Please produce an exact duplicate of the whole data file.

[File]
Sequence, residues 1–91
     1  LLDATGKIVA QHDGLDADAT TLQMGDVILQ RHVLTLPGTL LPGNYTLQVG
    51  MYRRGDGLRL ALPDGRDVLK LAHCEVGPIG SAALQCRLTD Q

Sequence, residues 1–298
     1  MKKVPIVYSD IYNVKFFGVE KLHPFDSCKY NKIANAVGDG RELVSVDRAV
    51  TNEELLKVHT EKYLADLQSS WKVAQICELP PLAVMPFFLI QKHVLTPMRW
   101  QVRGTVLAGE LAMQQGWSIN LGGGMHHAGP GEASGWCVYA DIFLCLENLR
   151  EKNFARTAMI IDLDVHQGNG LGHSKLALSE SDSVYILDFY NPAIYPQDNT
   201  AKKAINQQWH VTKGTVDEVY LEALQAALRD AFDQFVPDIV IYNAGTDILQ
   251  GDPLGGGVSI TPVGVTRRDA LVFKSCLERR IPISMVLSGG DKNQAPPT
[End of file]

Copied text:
Sequence, residues 1–91
     1  LLDATGKIVA QHDGLDADAT TLQMGDVILQ RHVLTLPGTL LPGNYTLQVG
    51  MYRRGDGLRL ALPDGRDVLK LAHCEVGPIG SAALQCRLTD Q

Sequence, residues 1–298
     1  MKKVPIVYSD IYNVKFFGVE KLHPFDSCKY NKIANAVGDG RELVSVDRAV
    51  TNEELLKVHT EKYLADLQSS WKVAQICELP PLAVMPFFLI QKHVLTPMRW
   101  QVRGTVLAGE LAMQQGWSIN LGGGMHHAGP GEASGWCVYA DIFLCLENLR
   151  EKNFARTAMI IDLDVHQGNG LGHSKLALSE SDSVYILDFY NPAIYPQDNT
   201  AKKAINQQWH VTKGTVDEVY LEALQAALRD AFDQFVPDIV IYNAGTDILQ
   251  GDPLGGGVSI TPVGVTRRDA LVFKSCLERR IPISMVLSGG DKNQAPPT